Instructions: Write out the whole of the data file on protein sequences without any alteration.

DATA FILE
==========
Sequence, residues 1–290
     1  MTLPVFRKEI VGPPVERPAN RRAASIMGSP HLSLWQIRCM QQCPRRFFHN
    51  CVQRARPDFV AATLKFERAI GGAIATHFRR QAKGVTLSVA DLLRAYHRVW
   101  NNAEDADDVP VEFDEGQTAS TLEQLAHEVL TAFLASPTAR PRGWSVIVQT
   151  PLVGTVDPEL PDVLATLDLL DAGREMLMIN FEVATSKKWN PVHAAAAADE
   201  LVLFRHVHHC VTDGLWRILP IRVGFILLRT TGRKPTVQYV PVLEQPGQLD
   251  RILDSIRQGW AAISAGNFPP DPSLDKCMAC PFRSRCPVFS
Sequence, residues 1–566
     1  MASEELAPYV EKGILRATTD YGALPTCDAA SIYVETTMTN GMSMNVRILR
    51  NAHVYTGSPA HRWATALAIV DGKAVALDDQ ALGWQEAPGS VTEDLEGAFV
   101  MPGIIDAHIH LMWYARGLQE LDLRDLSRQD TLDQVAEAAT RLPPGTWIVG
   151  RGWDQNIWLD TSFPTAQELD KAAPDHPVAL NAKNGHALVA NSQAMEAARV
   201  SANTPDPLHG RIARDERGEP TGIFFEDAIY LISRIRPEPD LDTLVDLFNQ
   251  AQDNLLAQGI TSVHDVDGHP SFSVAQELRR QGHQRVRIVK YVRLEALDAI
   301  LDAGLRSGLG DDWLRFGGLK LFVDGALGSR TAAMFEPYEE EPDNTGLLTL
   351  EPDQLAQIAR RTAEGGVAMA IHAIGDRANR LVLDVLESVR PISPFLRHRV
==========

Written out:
Sequence, residues 1–290
     1  MTLPVFRKEI VGPPVERPAN RRAASIMGSP HLSLWQIRCM QQCPRRFFHN
    51  CVQRARPDFV AATLKFERAI GGAIATHFRR QAKGVTLSVA DLLRAYHRVW
   101  NNAEDADDVP VEFDEGQTAS TLEQLAHEVL TAFLASPTAR PRGWSVIVQT
   151  PLVGTVDPEL PDVLATLDLL DAGREMLMIN FEVATSKKWN PVHAAAAADE
   201  LVLFRHVHHC VTDGLWRILP IRVGFILLRT TGRKPTVQYV PVLEQPGQLD
   251  RILDSIRQGW AAISAGNFPP DPSLDKCMAC PFRSRCPVFS
Sequence, residues 1–566
     1  MASEELAPYV EKGILRATTD YGALPTCDAA SIYVETTMTN GMSMNVRILR
    51  NAHVYTGSPA HRWATALAIV DGKAVALDDQ ALGWQEAPGS VTEDLEGAFV
   101  MPGIIDAHIH LMWYARGLQE LDLRDLSRQD TLDQVAEAAT RLPPGTWIVG
   151  RGWDQNIWLD TSFPTAQELD KAAPDHPVAL NAKNGHALVA NSQAMEAARV
   201  SANTPDPLHG RIARDERGEP TGIFFEDAIY LISRIRPEPD LDTLVDLFNQ
   251  AQDNLLAQGI TSVHDVDGHP SFSVAQELRR QGHQRVRIVK YVRLEALDAI
   301  LDAGLRSGLG DDWLRFGGLK LFVDGALGSR TAAMFEPYEE EPDNTGLLTL
   351  EPDQLAQIAR RTAEGGVAMA IHAIGDRANR LVLDVLESVR PISPFLRHRV